Naz Aletaha, head of esports partnerships at Riot Games, said: “Mastercard is among the first of world-class brands to take such a big step into esports at the global level and we’re proud to have them support League of Legends esports events alongside their other premier sports and entertainment sponsorships.”

As part of the agreement, Mastercard will invite fans to events to take part in experiences as part of its “Priceless” marketing activity.

The first live event will take place at the World Championship later in the autumn in South Korea.

Source: campaignasia.com; 20 Sep 2018

Brands now get the power of gaming: Twitch co-founder

Kevin Lin says from gaming streams to esports, advertisers are finally giving the world’s largest entertainment genre the respect it deserves.

It’s taken a while but brands are now on board with the world of gaming, with the meteoric rise of esports being a critical catalyst, says Twitch co-founder and COO Kevin Lin.

Speaking to reporters at the All That Matters conference in Singapore, Lin said gaming is now being seen as “both a marketing tool and commercial opportunity” for numerous brands outside the industry and that esports has been “a great path for that”.

“We’re all about creators [at Twitch], but esports is a great amplifier of everything and its own industry now,” he says.

Founded in 2011, Twitch quickly established itself as the go-to streaming platform for the gaming community, which until then had been at best underserved and at worst ignored by the business and digital world.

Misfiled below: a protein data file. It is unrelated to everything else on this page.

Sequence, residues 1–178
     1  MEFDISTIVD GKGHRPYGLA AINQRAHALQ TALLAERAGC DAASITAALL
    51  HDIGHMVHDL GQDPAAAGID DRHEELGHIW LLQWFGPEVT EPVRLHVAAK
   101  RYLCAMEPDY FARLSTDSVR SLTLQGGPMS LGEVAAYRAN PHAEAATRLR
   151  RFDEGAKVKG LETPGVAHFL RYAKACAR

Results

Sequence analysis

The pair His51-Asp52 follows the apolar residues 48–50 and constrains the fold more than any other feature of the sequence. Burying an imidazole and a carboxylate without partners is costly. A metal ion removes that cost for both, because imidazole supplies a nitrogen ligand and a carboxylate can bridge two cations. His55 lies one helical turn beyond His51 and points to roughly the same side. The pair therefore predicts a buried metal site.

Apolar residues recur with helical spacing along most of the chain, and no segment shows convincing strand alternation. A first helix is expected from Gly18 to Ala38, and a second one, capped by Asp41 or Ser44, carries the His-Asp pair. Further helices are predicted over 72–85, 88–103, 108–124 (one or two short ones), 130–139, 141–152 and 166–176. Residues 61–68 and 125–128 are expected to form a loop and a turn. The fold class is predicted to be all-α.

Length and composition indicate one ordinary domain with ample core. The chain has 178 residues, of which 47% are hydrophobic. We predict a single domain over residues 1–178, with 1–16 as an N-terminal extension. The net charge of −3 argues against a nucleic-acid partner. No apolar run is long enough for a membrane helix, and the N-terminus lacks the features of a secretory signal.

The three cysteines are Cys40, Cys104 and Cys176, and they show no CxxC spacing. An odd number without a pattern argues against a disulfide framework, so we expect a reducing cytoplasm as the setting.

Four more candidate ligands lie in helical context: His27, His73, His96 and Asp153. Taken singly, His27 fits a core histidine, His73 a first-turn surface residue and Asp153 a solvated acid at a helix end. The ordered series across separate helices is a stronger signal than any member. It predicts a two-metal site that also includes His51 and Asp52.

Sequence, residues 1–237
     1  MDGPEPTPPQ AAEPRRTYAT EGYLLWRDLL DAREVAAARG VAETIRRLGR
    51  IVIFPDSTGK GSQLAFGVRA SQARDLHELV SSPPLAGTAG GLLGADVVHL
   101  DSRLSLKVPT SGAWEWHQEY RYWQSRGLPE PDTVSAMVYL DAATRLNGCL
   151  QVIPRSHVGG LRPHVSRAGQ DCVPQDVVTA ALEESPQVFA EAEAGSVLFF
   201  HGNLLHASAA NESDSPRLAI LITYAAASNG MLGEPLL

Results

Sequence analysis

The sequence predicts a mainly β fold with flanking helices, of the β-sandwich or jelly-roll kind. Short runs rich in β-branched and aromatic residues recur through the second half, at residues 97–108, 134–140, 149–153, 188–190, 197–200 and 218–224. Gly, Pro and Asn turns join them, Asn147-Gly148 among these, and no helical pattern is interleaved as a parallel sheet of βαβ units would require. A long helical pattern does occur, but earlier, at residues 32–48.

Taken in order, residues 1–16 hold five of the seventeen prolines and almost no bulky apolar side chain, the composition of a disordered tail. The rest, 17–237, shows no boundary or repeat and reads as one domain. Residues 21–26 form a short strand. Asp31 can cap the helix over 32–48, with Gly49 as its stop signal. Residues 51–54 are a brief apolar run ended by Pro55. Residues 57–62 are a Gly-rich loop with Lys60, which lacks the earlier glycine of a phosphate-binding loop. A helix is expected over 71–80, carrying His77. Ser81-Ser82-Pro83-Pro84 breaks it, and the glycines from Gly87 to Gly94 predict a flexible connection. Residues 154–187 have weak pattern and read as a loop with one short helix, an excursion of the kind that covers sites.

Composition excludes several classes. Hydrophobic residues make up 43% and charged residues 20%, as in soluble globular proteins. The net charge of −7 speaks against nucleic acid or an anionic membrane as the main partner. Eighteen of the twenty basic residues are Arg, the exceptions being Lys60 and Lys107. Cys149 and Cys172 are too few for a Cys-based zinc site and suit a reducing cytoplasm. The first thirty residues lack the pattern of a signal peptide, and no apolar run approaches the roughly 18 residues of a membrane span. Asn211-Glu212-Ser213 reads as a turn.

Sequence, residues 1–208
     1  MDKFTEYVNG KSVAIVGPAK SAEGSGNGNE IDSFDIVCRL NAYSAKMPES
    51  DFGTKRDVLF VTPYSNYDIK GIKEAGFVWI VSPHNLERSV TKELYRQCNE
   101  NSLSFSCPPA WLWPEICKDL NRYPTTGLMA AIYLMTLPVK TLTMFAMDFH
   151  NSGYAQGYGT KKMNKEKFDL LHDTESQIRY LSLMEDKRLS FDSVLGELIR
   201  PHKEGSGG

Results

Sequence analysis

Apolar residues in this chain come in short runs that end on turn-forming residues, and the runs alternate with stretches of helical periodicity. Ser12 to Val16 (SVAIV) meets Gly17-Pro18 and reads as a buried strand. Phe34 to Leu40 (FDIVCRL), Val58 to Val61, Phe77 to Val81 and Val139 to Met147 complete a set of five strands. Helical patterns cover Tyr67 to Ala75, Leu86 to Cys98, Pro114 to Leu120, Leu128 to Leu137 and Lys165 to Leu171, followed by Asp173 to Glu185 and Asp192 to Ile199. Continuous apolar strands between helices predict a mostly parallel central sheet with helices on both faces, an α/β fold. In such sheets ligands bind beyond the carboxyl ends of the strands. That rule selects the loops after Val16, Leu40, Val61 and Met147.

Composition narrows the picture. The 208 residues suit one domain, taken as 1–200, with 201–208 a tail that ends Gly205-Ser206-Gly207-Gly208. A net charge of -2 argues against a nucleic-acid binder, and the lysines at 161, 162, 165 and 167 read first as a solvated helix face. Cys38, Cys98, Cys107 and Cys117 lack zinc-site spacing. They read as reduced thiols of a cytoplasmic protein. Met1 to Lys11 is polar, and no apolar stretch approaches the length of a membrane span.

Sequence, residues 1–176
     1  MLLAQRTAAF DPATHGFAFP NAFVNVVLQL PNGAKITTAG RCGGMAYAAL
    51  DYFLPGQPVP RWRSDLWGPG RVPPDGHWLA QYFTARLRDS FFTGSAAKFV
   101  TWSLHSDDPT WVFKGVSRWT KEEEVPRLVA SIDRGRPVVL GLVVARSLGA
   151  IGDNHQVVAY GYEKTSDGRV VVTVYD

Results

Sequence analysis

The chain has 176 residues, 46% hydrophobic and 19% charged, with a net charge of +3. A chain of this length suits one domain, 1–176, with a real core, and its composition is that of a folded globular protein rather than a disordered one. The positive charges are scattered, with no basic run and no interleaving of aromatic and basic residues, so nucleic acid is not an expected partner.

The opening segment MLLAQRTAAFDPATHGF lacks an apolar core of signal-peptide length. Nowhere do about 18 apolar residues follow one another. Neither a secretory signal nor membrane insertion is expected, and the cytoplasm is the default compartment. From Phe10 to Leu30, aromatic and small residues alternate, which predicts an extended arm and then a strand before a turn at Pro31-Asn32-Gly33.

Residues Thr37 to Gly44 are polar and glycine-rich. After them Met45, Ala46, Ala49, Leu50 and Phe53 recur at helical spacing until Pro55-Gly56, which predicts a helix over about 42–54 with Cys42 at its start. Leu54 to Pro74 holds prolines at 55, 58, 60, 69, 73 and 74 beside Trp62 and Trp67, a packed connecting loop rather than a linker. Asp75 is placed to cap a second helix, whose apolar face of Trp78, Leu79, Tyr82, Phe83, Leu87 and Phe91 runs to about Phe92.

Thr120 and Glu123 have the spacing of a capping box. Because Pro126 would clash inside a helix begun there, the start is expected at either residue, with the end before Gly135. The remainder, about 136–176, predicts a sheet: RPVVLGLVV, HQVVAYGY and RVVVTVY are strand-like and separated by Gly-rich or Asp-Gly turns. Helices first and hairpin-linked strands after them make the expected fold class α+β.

“But now that you’ve got all these big investors from sports and music coming in, celebrities getting involved, that’s brought a lot of mainstream attention, which has been very positive,” Lin says. “Sponsors now get it more, there are more people evangelising, more people inventing other business models around it.”

For Lin, the equation is simple for advertisers, and it’s only surprising that it’s taken so long for many to understand the value of today’s gamers, who are a far cry from the stigmatised introverted shut-outs they have been portrayed as for so long.

“They don’t just play games 24 hours a day, they go to concerts, get on planes, stay in hotels, all the things millennials do,” he states wryly. “We have a very desirable, young millennial audience, that’s very present on the site—15 million people a day watch for two hours, probably one of the most engaged platforms on the internet.

“So that’s been a really good story to tell to advertisers and brands, and we’re continuing to innovate and re-invent solutions for them to reach our audience, whether that’s content activations, esports activations or products that really lean in to the culture of Twitch.”

Amazon bought Twitch in 2014 for US$970 million, a deal that helped shift the platform into the mainstream. However, Twitch has come under significant fire recently for the changes to its subscription Twitch Prime product. Rolled into the suite of Amazon Prime services, Twitch Prime users are now seeing advertising, unlike before, despite the fact they are paying a subscription. Those that want to go ad free must pay an additional subscription fee for new service Twitch Turbo.

Lin says plainly that the changes were largely made to expand Twitch’s variety of revenue sources. “It helps our creators and it helps us. I mean, we’re a business, we have to be able to make money. Kevin Lin

“Historically as we’ve surveyed our users, around subs particularly, the feedback has largely been the reason why they’re buying [is] around supporting streamers. So [ad revenue] felt like an ok thing to tease out. People understand that creators make money from that advertising, and Prime users are high-value viewers on the site. So it seemed like the right decision.”

Lin is quick to add that the changes are being closely monitored, as is user feedback. “We felt like it was a safe bet, but we’ll see. We listen to our users, we listen to our community, we shift our products around all the time, but it felt like the right thing to do.”

More broadly, for advertisers, Lin says the growing sophistication of streamers and esports athletes in their interactions with brands means the industry is at the start of a new and exciting period for advertisers to get deeper, more meaningful engagement with the gaming audience.